logo of the United Methodist Task Force on Disability Ministries
March 2011Premier Issue
Task Force members visiting accessible amphitheater at Bradford Woods camp

Task Force members visit accessible amphitheater at Bradford Woods Camp


of the

United Methodist

 Disability Connection


Welcome to the Premier issue of the Voice!  This newsletter will connect all United Methodists and friends who believe that including people with disabilities is vital to the Church becoming whole.  We envision faith communities in which all are welcome, valued, and empowered to participate.  The Voice is created by the United Methodist Task Force on Disability Ministries, but invites contributions from all who share our passion. 

The Task Force consists of 10 representatives, 2 from each Jurisdiction, as well as GBGM support staff and liaisons with related disability groups.  We started in 1992 as the United Methodist National Task Force on Developmental Disabilities.  We know that a small group of 17 people cannot change the culture of the church to one of inclusion and accessibility - it will take all of us working together.  This newsletter will share stories of ministries that can be replicated, tips for implementing changes, and upcoming training events.  We will provide you with resources so you don't have to start your ministry from scratch.  The Voice will also keep you informed on the work of the Task Force and ways that you can get involved. 

Who is the United Methodist Disability Connection?  You are a part and the Task Force is a part of this new movement.  We look forward to partnering with you!

Lynn Swedberg, Editor

In This Issue
Indiana celebrates Disability Awareness Sunday
Upcoming Regional Disability Conferences
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 News from the Jurisdictions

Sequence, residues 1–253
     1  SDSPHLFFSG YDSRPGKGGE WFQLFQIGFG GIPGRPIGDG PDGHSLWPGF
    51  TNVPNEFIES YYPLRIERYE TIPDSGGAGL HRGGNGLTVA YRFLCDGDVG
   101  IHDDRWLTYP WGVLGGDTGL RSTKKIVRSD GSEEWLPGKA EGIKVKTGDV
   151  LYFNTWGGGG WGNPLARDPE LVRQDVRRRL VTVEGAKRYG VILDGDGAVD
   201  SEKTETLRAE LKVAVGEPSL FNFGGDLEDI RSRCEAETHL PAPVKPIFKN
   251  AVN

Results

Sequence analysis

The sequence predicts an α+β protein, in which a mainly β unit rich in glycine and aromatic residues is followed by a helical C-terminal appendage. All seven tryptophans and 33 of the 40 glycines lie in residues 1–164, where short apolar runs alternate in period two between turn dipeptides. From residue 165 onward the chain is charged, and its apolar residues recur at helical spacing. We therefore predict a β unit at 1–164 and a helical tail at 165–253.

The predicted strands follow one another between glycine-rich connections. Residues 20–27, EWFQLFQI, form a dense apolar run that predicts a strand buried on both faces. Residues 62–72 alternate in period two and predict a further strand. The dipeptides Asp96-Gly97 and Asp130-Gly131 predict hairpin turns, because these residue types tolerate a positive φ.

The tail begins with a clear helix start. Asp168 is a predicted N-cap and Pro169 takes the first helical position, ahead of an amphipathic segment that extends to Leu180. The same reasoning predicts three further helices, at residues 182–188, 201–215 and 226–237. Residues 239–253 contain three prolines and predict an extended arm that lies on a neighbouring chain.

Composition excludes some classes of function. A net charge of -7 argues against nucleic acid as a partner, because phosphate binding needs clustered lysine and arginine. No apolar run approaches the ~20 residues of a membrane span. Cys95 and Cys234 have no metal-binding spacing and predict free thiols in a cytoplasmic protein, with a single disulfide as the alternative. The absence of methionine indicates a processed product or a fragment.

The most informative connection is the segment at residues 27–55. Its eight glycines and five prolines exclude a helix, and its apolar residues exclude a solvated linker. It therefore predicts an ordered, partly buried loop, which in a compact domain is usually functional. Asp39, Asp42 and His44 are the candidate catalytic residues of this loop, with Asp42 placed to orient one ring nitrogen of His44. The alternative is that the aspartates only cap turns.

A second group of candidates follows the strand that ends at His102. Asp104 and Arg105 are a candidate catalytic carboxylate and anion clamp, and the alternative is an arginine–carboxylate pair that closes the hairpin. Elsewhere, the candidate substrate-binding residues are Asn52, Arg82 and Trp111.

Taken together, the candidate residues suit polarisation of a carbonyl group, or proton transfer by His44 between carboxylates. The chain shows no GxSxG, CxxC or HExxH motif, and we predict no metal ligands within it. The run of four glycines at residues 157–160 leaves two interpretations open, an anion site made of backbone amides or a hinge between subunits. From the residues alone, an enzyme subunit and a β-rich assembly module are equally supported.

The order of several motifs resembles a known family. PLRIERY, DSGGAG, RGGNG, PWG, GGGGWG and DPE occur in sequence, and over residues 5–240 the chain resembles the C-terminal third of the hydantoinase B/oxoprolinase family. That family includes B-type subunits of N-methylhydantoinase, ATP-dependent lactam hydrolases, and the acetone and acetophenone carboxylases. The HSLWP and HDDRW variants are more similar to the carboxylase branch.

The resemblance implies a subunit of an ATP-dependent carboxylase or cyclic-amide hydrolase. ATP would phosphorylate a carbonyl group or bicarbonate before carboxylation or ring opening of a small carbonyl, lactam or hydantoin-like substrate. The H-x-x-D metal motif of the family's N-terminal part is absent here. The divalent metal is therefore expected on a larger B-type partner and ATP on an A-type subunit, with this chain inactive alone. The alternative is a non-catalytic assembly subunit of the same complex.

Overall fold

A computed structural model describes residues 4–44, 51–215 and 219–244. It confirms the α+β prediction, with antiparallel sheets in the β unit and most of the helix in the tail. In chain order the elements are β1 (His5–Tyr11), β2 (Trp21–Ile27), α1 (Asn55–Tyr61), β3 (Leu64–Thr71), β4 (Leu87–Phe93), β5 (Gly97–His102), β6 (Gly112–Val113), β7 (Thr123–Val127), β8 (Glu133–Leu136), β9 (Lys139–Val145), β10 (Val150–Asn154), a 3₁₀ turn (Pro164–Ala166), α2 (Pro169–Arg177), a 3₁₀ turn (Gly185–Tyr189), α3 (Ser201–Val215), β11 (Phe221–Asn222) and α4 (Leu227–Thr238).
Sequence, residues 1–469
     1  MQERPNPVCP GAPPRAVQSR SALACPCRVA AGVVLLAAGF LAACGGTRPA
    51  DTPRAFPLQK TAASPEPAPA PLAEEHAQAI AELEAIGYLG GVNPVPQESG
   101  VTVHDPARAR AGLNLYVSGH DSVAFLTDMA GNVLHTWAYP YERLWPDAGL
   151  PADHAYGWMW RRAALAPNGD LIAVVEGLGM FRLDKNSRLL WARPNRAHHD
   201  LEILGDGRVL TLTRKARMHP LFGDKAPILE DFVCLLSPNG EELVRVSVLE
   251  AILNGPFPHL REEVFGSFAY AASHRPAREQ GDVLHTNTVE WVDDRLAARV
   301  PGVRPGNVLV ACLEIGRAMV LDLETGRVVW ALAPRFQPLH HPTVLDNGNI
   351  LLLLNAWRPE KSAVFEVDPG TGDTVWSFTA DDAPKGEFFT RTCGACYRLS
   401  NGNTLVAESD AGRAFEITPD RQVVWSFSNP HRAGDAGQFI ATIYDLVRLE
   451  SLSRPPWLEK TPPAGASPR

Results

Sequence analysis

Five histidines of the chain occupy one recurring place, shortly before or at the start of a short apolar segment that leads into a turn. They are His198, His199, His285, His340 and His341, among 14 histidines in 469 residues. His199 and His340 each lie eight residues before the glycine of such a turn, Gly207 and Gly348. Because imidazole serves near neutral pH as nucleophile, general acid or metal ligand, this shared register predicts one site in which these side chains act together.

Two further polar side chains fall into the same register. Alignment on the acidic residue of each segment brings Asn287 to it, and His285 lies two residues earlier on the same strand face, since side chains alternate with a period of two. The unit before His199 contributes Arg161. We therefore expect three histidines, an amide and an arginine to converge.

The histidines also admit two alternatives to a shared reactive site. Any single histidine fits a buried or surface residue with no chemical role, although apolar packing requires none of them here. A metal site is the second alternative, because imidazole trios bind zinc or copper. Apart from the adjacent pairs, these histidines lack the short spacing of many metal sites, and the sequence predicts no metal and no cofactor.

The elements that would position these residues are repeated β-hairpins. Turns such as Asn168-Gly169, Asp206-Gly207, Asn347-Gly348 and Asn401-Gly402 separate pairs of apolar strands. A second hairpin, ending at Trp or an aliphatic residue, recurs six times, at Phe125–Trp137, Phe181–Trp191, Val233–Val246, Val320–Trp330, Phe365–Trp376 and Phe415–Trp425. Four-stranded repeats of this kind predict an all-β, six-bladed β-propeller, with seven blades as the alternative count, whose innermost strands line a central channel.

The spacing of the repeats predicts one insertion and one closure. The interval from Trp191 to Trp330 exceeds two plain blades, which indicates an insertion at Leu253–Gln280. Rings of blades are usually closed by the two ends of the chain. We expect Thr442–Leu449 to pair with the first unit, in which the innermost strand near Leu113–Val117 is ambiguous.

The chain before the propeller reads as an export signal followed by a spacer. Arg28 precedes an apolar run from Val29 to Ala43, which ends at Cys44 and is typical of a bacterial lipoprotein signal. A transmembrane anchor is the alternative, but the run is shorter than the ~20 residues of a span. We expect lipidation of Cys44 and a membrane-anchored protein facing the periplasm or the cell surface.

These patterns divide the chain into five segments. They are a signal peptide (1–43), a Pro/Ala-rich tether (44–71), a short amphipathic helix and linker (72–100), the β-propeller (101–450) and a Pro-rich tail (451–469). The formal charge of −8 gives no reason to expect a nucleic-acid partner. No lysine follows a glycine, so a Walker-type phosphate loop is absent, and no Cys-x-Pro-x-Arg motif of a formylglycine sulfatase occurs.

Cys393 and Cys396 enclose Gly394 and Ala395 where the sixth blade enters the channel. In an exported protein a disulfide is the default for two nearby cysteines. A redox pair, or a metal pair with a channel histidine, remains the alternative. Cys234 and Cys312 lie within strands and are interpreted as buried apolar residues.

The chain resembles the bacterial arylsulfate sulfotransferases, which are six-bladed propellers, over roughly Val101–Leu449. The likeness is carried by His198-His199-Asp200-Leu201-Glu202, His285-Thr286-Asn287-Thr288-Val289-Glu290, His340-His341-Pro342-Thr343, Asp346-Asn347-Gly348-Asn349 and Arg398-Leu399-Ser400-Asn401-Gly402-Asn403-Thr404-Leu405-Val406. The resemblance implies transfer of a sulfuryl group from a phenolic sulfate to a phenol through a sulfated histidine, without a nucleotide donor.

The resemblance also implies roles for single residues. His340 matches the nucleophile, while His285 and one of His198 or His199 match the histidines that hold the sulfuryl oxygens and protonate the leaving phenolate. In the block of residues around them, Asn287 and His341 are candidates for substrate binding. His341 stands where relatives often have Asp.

Disability Awareness display board 
Indiana AC Celebrates
Disability Awareness Sunday

The Indiana Conference of the United Methodist Church hosted its first statewide Disability Awareness Sunday March 20. Churches across the state observed the day with special litanies, music, drama and sermon topics.

"Disability Awareness Sunday is simply a way to acknowledge that our hearts, minds and doors are open to all people with disabilities," said Beth DeHoff, who leads the Indiana Conference Disability Concerns Team.

                Why hold a Disability Awareness Sunday? Chances are good that you have children and adults in your church who have disabilities. Chances are greater that you have many others who live in your church's neighborhood without a church home, as fewer than half of families who have a family member with a disability attend church.

According to the Indiana Resource Center for Autism, one in every 101 Indiana K-12 students has an autism spectrum disorder diagnosis. One in every 693 babies is born with Down syndrome. Approximately one million people in the United States have cerebral palsy. Millions more have other disabilities.  All of them are children of God. All of them have unique gifts and personalities that transcend - or perhaps illuminate - disability. It is this large body of individuals with disabilities and unique gifts that we celebrate on Disability Awareness Sunday.

That is all Disability Awareness Sunday needs to be - a celebration of all God's people. The Indiana United Methodist Conference, as well as the United Methodist Church's national Task Force on Disability Ministries, provides resources for prayer, liturgy, presentations and music for worship. For information on Indiana's Disability Awareness Sunday, visit Indiana AC Disability Awareness . For general information about the Conference disability concerns committee, visit Indiana AC Disability Committee. The Virginia Annual Conference also has a 2011 Disability Awareness resource packet at Virginia AC Disability Awareness .


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Upcoming Disability Training Events


*On Saturday, April 2nd a regional conference on Inclusive Congregations will be held at Aldersgate UMC in Wilmington, DE.  It is sponsored by the Eastern Pennsylvania, Greater New Jersey and Peninsula-Delaware Conferences of U.M.C., but open to all.